I’d like to start this post in stating that like all things Thai, the ceremonies and activities at a funeral will vary by region, status of the deceased and other factors. So this is not an all inclusive discussion, rather a documentation of one funeral in particular. The funeral I will talk about in this post was a relative of my Thai wife, who I knew very well, and so I attended all of the events, except the body washing on the first afternoon, making photos for the family and friends. Because of this I was able to observe everything that happened close up and personal.
My wife’s uncle Sawai died on July 5th, and funeral rites were held until the afternoon of July 10th, 2017. The length of Sawai’s funeral rites were not long by Thai standards, but by American standards quite long indeed. In the afternoon of the first day Sawai’s body was brought from the hospital to the local temple. After a washing ceremony the body was placed in a casket, which in turn was placed in a ceremonial outer casket, and put in the temple on a high table surrounded by floral arrangements. Chanting sessions were held each evening for 3 days with monks in the lead, and on the 4th day a larger ceremony was held for the cremation that took place at 3:00 PM. The numbers grew each day with few in attendance the first evening and over 100 attending the cremation held on July 9th. On July 10th a small group of family members attended a ceremony to remove and clean the bones from the cremation chamber. At a later date the bones will be placed in the family burial stupa on the temple grounds.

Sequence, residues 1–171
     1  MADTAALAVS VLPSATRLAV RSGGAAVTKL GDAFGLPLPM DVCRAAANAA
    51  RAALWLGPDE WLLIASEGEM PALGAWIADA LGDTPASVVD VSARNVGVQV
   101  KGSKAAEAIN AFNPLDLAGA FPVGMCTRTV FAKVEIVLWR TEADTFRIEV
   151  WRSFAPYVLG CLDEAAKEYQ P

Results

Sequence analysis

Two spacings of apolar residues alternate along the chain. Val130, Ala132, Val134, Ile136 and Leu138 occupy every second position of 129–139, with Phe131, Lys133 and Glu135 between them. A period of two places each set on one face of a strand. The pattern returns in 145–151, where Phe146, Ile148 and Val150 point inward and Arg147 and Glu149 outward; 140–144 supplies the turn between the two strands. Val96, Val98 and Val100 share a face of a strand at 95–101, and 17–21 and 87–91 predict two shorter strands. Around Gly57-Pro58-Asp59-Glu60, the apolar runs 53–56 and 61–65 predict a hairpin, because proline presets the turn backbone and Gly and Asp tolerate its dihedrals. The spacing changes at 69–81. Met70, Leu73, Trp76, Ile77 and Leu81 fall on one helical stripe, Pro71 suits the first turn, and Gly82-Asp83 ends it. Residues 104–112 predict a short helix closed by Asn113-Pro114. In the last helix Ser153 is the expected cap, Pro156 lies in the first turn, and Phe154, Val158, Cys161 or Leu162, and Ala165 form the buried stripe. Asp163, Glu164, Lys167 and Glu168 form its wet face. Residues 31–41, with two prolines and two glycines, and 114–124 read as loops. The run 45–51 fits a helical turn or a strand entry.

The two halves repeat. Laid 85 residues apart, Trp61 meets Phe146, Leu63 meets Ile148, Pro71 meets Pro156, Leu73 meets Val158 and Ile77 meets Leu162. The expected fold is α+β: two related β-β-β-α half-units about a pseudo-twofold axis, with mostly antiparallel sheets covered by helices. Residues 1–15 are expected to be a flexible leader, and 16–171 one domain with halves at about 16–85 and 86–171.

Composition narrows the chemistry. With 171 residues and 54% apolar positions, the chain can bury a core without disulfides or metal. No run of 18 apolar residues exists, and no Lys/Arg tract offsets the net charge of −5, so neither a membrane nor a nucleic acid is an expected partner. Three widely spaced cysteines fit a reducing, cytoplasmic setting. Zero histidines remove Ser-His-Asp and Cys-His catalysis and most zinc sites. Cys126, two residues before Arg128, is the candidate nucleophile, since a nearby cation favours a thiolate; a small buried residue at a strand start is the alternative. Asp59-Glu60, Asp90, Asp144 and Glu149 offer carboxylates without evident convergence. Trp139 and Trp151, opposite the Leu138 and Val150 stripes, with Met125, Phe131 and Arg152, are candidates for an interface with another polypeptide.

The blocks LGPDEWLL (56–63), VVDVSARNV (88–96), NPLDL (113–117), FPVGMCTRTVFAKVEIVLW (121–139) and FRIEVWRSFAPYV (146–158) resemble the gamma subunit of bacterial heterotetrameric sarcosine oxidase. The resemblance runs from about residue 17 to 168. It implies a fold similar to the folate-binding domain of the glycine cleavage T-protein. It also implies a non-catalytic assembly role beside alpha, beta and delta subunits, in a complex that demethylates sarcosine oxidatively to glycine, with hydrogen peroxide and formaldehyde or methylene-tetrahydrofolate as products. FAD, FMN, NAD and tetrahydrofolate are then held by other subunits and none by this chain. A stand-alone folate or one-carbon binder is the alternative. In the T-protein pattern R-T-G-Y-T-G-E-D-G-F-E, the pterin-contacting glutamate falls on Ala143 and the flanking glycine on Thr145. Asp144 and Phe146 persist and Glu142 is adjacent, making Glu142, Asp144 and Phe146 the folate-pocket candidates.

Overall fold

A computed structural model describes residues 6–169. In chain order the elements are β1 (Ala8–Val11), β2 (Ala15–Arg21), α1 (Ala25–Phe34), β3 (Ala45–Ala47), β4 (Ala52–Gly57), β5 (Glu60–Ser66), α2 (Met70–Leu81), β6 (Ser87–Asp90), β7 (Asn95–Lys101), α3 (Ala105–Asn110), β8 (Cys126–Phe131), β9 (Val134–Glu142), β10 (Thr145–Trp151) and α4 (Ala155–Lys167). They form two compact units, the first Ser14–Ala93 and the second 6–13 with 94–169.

My entire gallery for the funeral may be viewed on my website: Here